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17 March 2008

Considering immunity

While there are those that believe the world of polite conversation and “good faith” in arms control and disarmament can trump the hard realities of proliferation, we see a world in which the technologies required to assemble and deploy a credible threat are increasingly within the reach of the most mundane of non-state actors. While we are rarely given to dwell exclusively on issues of threat, as threat is not always in fact the most interesting aspect of a particular problem account (despite what many outsiders may believe), there are a few areas in which our nightmares are never far from fruition in the hands of the wrong actors.

This is especially true in the areas of emerging biological threats. While we are very much aware of a particular academic effort that examined the matter recently, we found its results disappointing, to say the least, largely because its work focused far too much on an assessment of the present vice a truly predictive and forward looking estimate – one that would help to bound the future space of uncertainties, and would identify the drivers and forces moving on the horizon.

Nonetheless, we continue to see the faint indicators of these forces from time to time. These are best captured not in some formulaic collection of wiki pages dedicated to a highly geographic scope – as if disease somehow respected national borders. Rather, one looks for the trend lines, and those areas in which black swans may emerge without warning as sudden shocks to the unprepared perspective. And while there are those that will insist that a black swan event is inherently unpredictable by nature, we are reminded of Nassim Nicholas Taleb’s original formulation of the turkey’s day. The black swan event of meeting the butcher is only a shock to the turkey after a thousand days of being fed and cared for by other humans; it is an entirely normal course of a day’s work for the butcher. Likewise, for those who shift their perspective to the edges where the future is not evenly distributed, there may one find the first seeds of those events sown.

The difficulty of course lies in winnowing the signals of true predictive value from the noise of the overwhelming range of possibilities and potentials. This is fundamentally an insight problem. And the difficulties faced in approaching these problems are the epitome of the danger of treating mysteries as if they were puzzles suited for deterministic approaches and linear solutions that can be tied up neatly in sections and a nice cover page.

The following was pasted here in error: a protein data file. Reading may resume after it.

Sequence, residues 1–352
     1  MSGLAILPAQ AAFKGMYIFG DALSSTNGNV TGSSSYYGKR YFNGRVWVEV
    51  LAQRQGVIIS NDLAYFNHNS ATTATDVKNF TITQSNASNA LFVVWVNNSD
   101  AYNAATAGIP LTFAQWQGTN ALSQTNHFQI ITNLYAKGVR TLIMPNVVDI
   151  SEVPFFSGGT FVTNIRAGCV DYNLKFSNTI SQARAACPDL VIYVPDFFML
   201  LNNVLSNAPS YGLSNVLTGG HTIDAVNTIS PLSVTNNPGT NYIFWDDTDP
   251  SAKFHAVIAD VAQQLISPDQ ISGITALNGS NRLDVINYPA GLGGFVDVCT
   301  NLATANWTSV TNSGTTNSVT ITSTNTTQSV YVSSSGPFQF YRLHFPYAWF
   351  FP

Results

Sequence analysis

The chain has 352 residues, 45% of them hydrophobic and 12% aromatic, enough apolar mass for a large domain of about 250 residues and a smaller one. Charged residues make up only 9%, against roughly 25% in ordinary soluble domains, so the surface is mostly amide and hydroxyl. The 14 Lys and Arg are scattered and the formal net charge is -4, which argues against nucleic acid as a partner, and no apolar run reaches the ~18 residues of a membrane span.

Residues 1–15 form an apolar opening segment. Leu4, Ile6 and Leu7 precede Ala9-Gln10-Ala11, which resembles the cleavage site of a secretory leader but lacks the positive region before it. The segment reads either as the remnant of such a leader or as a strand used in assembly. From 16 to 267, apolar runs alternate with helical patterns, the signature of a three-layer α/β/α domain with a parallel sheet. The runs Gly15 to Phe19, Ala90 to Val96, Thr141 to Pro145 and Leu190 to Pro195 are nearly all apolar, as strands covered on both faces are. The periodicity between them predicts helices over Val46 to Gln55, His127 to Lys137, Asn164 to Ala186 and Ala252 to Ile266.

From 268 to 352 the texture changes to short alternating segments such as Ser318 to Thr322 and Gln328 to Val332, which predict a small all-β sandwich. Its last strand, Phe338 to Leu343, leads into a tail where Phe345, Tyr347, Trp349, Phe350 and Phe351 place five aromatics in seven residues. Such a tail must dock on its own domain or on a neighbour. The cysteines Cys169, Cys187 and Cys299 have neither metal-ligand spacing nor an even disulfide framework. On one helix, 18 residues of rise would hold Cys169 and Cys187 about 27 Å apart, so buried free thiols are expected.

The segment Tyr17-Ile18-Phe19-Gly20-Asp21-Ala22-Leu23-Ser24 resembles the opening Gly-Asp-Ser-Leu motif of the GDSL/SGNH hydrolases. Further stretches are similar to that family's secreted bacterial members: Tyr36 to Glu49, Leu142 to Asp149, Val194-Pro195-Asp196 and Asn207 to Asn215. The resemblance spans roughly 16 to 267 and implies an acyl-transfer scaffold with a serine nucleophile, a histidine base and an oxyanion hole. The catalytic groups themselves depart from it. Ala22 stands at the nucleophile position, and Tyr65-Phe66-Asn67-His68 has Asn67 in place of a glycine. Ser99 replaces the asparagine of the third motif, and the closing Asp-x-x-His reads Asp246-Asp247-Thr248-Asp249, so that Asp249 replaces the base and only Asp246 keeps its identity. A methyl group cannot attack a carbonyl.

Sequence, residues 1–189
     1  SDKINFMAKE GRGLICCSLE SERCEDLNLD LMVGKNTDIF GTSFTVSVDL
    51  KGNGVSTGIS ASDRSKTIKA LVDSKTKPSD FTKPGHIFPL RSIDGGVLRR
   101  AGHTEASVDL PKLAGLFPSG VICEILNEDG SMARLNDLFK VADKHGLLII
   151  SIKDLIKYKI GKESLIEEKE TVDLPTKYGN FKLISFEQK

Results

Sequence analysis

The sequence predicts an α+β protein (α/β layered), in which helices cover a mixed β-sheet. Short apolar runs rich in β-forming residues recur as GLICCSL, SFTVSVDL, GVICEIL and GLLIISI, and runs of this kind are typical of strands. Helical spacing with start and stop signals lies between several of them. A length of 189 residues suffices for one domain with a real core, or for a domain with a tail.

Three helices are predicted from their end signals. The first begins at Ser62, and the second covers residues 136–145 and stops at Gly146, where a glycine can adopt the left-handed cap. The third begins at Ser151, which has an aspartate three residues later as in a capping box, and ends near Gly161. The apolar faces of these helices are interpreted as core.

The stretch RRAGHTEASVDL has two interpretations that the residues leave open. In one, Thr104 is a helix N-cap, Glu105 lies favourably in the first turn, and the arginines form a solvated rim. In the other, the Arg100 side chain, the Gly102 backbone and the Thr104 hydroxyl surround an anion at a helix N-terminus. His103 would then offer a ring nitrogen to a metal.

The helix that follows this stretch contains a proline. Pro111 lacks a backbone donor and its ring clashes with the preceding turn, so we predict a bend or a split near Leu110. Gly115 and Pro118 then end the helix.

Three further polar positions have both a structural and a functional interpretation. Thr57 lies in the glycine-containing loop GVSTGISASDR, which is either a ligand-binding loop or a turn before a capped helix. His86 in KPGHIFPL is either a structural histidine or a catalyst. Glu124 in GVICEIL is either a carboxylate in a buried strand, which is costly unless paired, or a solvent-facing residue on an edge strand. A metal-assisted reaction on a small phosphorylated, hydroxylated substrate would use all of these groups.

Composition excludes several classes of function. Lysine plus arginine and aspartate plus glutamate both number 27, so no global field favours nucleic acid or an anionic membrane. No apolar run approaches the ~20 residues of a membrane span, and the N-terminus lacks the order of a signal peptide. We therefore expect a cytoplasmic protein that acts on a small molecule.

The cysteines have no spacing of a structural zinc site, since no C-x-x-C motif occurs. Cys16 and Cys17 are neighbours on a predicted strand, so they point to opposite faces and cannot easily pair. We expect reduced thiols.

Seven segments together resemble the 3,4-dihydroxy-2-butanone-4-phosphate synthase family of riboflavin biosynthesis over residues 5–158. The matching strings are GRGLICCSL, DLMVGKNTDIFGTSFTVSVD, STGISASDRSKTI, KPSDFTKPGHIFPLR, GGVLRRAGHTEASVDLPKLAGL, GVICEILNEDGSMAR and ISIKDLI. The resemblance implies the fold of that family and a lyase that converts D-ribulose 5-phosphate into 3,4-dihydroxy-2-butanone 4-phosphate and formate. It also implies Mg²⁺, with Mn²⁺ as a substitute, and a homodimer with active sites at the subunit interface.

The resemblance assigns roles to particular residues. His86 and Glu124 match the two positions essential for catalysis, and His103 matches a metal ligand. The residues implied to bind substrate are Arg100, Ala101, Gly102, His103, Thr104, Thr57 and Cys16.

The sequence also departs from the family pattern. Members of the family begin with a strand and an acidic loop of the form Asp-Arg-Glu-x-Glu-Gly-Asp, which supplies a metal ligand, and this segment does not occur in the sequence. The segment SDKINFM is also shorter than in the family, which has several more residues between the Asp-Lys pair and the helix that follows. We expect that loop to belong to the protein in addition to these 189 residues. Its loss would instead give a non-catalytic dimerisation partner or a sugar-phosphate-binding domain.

We happened to glance today at just such a faint indicator in which the merest hint of future insight might be reflected. It comes to us by way of the scientific community – always fertile ground for an intelligence professional to mine when examining fundamental issues of the physical and the living (as opposed to our more usual domain of the virtual and the dead). We find the development of simple replica immune systems for rapid testing of vaccines quite interesting in its own right, with the prospect of accelerated (and more accurate) clinical trials as the first clear benefit.

But our darker minds also take hold of the concept, and ponder the dual use implications that such a technique might offer in the hands of an adversary seeking to accelerate testing of modified biological agents designed to defeat immune resistance - whether human or otherwise. The footprint of such a facility would not be large, and would pose a very different kind of challenge to the intelligence community of tomorrow than the classic concept of an offensive bioweapons program. Threats abound in most futures that are easily envisioned.

At the same time, the technology presents the potential hope of opportunities not yet conceived. Just the other day before the University of Maryland findings began circulating, we found ourselves listening to an interesting discussion of the value that captive wildlife populations might bring to large scale bio-surveillance programs, both for sentinel warning as well as novel agent detection. The potential for cultivating accelerated immune responses as test models by which we might know the signs of outbreaks through wildlife (or domestic animal) populations is quite intriguing, especially given the other utility brought by captive populations in the urban settings of major zoos.

We ponder this as case study not solely in pursuit of any account in its own right – as that is more properly the domain for the line analyst, but rather as a teaching example. The case illustrates well the difference between intelligence done off a checklist which presumes a puzzle to be assembled from some mythic collection of dots, vice the kinds of implicit linkages that can only be found through creative exploration driven by fruitful obsession. Whether that which has been sketched here has any true value is a matter for the more disciplined application of analytic tradecraft. However, if one is not preparing analysts to begin to find reflections in the endless stir of these echoes that they may seek to later crystallize through more formal methodology, all that they will have to work with will be checklists and formulaic incantations - which alone will not keep the dark at bay.

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